NFC South Reporter
Technically, the top two quarterbacks in this year’s NFL Draft will go head-to-head this weekend, but we never know.
This was predicted to be a weak rookie quarterback class, but there’s a reason teams in the league (usually top of the draft and hungry for promising passers) only took one in the first two rounds. I’m starting to understand. The rookie quarterback has scored eight total touchdowns his passes in 2022, which is one-fifth of his NFL average of 73.9 per year over the past decade.
Don’t write these guys off long-term just yet.The last time a class of rookie quarterbacks had this many touchdown passes was in 2000, and the entire league had four led by Falcons great Doug Johnson. A sixth-round pick with the Patriots, he had one completion all season and played well in the end.
Still, it’s certainly overwhelming to note that the Steelers and first-round pick Kenny Pickett will face the Falcons in Atlanta on Sunday. He’s stuck behind Marcus Mariota and hasn’t played the snap.
Mariota has 14 touchdowns in 12 games as part of the league’s No. 31 pass offense, but coach Arthur Smith has handed over the keys to the rookie as the Falcons continue to be in contention in the NFC South. I resisted the temptation to wait and see. he can
The first quarterback drafted and the only quarterback to extend the stretch as a starter, Pickett had a quiet start of his NFL career with three touchdown passes and three touchdown runs in seven starts. I got off to a good start. He can claim to be the only rookie quarterback with a clear path to his starting job in 2023.
Last year’s rookies were a group of walkers led by Patriots’ Mack Jones and Texans’ Davis Mills, who combined for 79 touchdowns, with other recent classes simply playing more. In the 2019 class of 106 combined touchdowns, 10 rookies started at least three games. This season aside, NFL teams in constant search for elite quarterbacks are overdrafting high positions in the first round, and that hefty investment will quickly yield significant playing time.
Even back in the infamous quarterback class, the stats still dwarf this year’s rookies. This year’s class will need a strong finish just to match the 2007 class, which amassed 16 touchdown passes led by seven of Bills rookie Trent Edwards. Raiders that season.
Why didn’t this year’s rookie perform so well? Only 10 QBs were drafted, and only 5 of them have played this season. Even if it’s open to counting first-year players (who are making their NFL debut but not just their first year out of college), the Rams’ 1 touchdown pass from Bryce Perkins last weekend only one is added.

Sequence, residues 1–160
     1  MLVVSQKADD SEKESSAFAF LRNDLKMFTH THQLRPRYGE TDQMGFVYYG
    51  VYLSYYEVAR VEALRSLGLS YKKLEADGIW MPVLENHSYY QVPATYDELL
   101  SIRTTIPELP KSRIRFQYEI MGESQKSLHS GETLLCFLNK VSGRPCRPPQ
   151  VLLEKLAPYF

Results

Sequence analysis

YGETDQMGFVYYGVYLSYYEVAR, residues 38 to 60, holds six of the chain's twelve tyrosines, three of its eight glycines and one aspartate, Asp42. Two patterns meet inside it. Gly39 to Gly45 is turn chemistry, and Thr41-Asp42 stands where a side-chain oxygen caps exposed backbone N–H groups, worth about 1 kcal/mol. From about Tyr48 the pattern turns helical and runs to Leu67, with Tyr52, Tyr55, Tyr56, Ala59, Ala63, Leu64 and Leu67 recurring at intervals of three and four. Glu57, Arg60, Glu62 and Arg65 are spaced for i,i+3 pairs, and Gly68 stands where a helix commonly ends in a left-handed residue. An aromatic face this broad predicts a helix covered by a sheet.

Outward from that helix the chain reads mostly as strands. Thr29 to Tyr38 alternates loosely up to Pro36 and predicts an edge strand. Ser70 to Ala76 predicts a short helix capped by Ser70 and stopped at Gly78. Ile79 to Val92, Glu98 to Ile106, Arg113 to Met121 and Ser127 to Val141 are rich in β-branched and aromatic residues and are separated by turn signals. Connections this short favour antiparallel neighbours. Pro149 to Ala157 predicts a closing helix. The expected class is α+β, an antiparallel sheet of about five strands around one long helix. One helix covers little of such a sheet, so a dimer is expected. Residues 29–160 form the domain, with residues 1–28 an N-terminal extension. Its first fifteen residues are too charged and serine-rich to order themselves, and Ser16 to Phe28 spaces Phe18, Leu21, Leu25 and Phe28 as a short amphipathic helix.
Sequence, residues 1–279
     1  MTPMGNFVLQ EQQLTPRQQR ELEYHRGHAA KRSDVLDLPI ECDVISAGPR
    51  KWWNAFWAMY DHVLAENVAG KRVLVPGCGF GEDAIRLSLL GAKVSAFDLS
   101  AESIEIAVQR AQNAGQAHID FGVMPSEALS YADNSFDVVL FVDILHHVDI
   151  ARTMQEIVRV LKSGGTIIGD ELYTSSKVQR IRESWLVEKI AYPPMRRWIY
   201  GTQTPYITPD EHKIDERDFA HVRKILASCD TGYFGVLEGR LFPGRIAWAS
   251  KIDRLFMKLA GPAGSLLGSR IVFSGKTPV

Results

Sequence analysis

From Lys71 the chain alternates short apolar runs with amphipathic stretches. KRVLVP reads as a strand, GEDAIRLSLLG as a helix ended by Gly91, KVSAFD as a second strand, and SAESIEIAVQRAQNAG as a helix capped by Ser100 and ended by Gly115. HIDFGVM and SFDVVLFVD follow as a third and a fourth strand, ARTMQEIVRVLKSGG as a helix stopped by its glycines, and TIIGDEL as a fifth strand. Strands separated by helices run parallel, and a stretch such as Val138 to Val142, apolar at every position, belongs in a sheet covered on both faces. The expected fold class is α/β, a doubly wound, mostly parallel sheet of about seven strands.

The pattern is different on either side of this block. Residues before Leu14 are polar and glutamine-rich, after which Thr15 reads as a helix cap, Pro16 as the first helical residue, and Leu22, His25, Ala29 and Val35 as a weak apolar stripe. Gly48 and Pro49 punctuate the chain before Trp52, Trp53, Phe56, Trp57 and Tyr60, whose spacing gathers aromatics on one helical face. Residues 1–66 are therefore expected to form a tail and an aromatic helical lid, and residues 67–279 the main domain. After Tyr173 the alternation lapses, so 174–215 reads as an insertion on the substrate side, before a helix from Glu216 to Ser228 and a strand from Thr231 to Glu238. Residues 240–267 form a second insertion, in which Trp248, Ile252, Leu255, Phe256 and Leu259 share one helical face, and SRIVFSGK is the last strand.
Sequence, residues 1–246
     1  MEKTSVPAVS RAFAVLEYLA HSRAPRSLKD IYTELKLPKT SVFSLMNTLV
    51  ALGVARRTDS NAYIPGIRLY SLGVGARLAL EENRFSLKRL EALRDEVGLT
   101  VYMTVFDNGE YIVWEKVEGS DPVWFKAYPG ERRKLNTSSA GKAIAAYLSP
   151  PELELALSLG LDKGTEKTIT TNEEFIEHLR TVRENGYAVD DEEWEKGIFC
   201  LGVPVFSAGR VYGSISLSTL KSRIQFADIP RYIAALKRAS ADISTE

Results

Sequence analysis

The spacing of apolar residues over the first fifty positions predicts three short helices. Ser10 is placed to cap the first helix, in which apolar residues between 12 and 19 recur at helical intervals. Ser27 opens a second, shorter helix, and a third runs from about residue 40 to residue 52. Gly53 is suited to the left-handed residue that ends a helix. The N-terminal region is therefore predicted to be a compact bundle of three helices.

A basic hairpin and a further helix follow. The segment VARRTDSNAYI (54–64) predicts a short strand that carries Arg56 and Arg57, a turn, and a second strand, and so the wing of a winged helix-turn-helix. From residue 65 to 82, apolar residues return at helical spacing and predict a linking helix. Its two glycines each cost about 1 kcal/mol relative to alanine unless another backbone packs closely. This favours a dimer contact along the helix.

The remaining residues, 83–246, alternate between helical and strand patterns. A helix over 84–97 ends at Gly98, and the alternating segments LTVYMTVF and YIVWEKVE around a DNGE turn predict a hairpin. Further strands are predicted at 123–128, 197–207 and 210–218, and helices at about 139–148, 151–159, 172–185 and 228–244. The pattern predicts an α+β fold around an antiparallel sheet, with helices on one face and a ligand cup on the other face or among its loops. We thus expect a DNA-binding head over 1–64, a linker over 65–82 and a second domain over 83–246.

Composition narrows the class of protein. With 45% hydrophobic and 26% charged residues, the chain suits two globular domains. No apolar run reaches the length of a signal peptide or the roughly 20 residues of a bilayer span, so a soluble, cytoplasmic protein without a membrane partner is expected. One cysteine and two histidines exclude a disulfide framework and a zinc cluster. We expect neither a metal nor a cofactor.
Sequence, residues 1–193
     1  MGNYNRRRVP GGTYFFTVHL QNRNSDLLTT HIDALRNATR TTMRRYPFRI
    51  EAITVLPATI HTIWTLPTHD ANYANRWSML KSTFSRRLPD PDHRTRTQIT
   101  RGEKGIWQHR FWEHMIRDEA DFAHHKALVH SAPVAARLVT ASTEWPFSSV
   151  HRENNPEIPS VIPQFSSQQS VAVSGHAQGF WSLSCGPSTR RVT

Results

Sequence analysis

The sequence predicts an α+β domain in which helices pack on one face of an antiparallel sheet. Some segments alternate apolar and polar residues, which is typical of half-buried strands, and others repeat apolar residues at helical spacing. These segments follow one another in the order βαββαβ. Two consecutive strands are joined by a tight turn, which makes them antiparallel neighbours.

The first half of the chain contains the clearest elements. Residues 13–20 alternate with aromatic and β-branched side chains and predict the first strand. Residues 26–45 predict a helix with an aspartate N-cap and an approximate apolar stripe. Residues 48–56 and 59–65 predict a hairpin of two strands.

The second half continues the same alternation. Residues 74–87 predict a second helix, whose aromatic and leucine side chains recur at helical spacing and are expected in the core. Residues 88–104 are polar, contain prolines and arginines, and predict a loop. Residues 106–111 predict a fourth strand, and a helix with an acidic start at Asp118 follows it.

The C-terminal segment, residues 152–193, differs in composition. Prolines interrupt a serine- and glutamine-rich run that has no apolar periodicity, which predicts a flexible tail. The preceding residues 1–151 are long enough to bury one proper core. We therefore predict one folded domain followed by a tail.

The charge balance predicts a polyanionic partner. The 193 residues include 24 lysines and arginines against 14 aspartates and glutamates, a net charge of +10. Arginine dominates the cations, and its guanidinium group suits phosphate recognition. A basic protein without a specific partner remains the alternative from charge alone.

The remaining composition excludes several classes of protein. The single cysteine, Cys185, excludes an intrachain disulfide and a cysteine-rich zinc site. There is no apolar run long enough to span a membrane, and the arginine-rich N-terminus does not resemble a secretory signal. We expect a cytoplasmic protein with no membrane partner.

It’s part talent, circumstance, and even injury. Third-round pick Matt Corral could have almost certainly played for the Panthers, but suffered a season-ending leg injury during the preseason.
Others had spot-start chances and weren’t enough to keep the job going. He threw 25 touchdowns, but still returned to the bench. Zappe has five of eight touchdown passes by a rookie this season. Malik Willis of Tennessee said that Ryan made two starts when Tannehill was injured, but combined he threw for 135 yards without a touchdown and returned to the bench when Tannehill was healthy.
It may only take a small loss for the Falcons to drop out of contention and convince Atlanta to try what they have on the lidar, but aside from Pickett, the rest of the rookie class is the Patriots. The Titans are well positioned to make the playoffs with a more experienced starter.
The lack of contribution from the 2022 draft class means Alabama’s Bryce Young and Ohio State’s CJ Stroud are projected as top-five picks, with others like Kentucky’s Will Levis possible. With a high probability, it could further increase demand for quarterbacks at the top of the 2023 draft. With those alone, it’s highly unlikely the league will make fewer than 10 touchdown passes from a rookie quarterback when December rolls into next season.
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Greg Auman is FOX Sports’ NFC South reporter covering the Buccaneers, Falcons, Panthers and Saints. He entered his 10th season covering the NFL full-time with the Bucks, Tampa Bay he spent with The Times and The Athletic. You can follow him on Twitter. @gregauman.
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